Appleton's Cyclopedia of American Biography, edited by James
Grant Wilson, John Fiske and Stanley L. Klos. Six volumes, New York: D. Appleton
and Company, 1887-1889 and 1999. Virtualology.com warns that these 19th Century
biographies contain errors and bias. We rely on volunteers to edit the historic
biographies on a continual basis. If you would like to edit this biographyplease
submit a rewritten biography in text form.
If acceptable, the new biography will be published above the 19th Century
Appleton's Cyclopedia Biography citing the volunteer editor
Virtual American Biographies
Over 30,000 personalities
with thousands of 19th Century illustrations, signatures, and exceptional life
welcomes editing and additions to the
biographies. To become this site's editor or a contributor
or e-mail Virtualology here.
LUERS, John Henry, R. C. bishop, born near Munster, Westphalia, 29 September, 1819; died in Cleveland, Ohio, 29 June, 1871. His childhood was spent in great poverty, to escape which he came with his parents to the United States in 1833. His family settled on a farm at Piqua, Ohio, and John became clerk in a store. He showed a tendency to lead a wild life, and became neglectful of religion for a time, but in 1835 he experienced a complete change. An accidental meeting with Archbishop Purcell decided him to become a priest, and, after studying by himself and in the Seminary of St. Francis Xavier, Ohio, he was ordained on 11 November, 1846, and appointed pastor of St. Joseph's church, Cincinnati. He completed the church, freed the parish from debt, and built several schools. In 1857 the diocese of Fort Wayne was created, comprising the northern part of Indiana, and Father Luers was selected as its first bishop, and consecrated by Archbishop Purcell, 10 January, 1858. The new diocese comprised about 20,000 Roman Catholics and fourteen priests. There were twenty churches which were not able to accommodate half their congregations, while many places had neither churches nor priests. Bishop Luers, under these circumstances, endeavored to make up by his own ministry for the want of priests. In two year's he had ordained eight and had also eight ecclesiastical students in various seminaries, built the present cathedral at Fort Wayne and many churches, and in 1863 he held a synod at the University of Notre Dame, at which statutes were enacted that resulted in the abolition of the system of lay trustees. He visited Rome in 1864, where he obtained power to separate the Sisters of the Holy Cross in the United States from the mother-house in France, and to draw up a new constitution and order for the American branch. On his return he founded the Academy of St. lgnatius at Fort Lafayette, and introduced the above-named sisterhood, who have charge of St. Mary's home in Jay county. In 1865 he purchased land in the suburbs of Fort Wayne, and afterward at Rensselaer, and in 1868 erected there an asylum for soldiers' orphans. He also established the Catholic clerical benevolent association for pensioning aged priests. Bishop Luers attended the provincial councils of Cincinnati, and was present at the plenary council of Baltimore in 1866. At his death there were sixty-nine priests, ninety-one churches, and six religious institutions in his diocese, besides a hospital, a college, and an orphan asylum, while the Roman Catholic population exceeded 50,000.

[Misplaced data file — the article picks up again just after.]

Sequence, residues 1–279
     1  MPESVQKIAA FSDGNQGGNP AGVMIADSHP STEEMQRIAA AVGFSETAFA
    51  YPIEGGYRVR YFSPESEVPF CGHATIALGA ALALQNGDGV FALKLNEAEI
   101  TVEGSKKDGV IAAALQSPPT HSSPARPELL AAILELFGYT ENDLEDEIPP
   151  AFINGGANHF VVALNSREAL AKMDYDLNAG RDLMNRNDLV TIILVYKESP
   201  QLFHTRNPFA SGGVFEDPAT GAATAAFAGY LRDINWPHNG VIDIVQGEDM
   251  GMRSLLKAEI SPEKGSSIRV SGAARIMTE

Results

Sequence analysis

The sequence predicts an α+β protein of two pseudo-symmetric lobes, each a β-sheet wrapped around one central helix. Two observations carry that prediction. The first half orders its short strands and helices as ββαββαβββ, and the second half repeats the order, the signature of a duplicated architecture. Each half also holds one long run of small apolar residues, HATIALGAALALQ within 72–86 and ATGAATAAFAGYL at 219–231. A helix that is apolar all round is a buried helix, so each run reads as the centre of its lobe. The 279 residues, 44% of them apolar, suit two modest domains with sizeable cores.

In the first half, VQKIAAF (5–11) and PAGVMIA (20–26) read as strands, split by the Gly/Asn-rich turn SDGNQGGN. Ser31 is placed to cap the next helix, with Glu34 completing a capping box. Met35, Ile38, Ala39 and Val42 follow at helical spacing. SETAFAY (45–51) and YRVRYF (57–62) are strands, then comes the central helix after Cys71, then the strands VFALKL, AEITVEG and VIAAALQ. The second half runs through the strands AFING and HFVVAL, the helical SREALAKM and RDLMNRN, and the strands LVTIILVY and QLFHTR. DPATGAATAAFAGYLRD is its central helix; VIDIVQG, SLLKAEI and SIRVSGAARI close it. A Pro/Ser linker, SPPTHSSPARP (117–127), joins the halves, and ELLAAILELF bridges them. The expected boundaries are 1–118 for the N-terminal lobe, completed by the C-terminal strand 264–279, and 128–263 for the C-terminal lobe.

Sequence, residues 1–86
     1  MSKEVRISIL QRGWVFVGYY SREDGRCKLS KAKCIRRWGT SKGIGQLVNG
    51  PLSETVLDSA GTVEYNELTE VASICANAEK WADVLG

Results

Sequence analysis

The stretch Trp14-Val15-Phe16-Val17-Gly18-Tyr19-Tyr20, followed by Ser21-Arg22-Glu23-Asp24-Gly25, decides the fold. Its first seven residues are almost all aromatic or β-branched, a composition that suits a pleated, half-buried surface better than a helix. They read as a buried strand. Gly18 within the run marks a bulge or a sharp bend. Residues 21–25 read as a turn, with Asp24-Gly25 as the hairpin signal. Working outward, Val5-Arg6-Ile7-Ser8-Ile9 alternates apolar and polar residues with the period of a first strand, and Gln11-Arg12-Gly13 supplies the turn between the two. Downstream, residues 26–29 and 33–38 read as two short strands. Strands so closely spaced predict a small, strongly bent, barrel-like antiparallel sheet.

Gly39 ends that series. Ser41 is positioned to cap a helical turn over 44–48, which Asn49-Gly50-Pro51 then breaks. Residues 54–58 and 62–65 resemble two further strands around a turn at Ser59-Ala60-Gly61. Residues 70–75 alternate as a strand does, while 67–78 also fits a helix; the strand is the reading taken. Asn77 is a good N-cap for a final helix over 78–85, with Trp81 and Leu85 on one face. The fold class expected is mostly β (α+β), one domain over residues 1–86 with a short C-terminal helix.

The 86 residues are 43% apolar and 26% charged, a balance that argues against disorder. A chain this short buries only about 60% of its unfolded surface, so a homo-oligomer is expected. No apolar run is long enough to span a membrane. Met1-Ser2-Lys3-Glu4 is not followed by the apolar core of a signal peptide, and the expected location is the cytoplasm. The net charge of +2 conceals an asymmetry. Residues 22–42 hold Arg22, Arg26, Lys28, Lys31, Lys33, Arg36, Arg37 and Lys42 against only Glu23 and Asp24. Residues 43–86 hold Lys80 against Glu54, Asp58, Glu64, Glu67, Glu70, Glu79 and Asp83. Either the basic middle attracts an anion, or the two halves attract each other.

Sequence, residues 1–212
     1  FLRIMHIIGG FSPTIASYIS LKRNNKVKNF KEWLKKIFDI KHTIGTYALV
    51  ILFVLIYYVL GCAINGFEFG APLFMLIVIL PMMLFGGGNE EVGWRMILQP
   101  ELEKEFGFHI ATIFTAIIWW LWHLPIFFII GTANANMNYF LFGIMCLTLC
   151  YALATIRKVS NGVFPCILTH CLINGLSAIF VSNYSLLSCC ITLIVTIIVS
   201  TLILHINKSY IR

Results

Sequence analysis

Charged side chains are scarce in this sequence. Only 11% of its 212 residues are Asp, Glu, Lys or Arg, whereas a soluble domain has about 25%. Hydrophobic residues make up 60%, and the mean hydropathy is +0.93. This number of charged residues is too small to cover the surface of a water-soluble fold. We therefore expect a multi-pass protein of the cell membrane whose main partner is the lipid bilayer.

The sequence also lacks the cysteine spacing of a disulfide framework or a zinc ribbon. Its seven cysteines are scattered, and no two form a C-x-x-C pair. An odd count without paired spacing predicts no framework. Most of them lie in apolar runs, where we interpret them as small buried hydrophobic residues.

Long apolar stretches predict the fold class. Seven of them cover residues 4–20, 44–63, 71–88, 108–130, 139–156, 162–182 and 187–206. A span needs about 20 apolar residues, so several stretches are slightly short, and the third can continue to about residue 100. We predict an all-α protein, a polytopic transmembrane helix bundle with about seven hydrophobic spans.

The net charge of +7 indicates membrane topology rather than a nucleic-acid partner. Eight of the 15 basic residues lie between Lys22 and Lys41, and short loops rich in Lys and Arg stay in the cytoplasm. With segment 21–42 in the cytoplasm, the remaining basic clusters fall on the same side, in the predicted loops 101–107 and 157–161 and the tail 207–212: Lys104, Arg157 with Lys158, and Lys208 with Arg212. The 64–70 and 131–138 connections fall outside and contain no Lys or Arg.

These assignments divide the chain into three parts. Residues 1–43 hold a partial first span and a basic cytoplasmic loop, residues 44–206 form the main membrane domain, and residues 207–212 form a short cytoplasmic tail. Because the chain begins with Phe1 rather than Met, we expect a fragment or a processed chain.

This site and its contents are not affiliated, connected,
associated with or authorized by the individual, family,
friends, or trademarked entities utilizing any part or
the subject's entire name. Any official or affiliated
sites that are related to this subject will be hyper
linked below upon submission
and Evisum, Inc. review.
Please join us in our mission to incorporate America's Four United Republics discovery-based curriculum into the classroom of every primary and secondary school in the United States of America by July 2, 2026, the nation’s 250th birthday. , the United States of America: We The
People. Click Here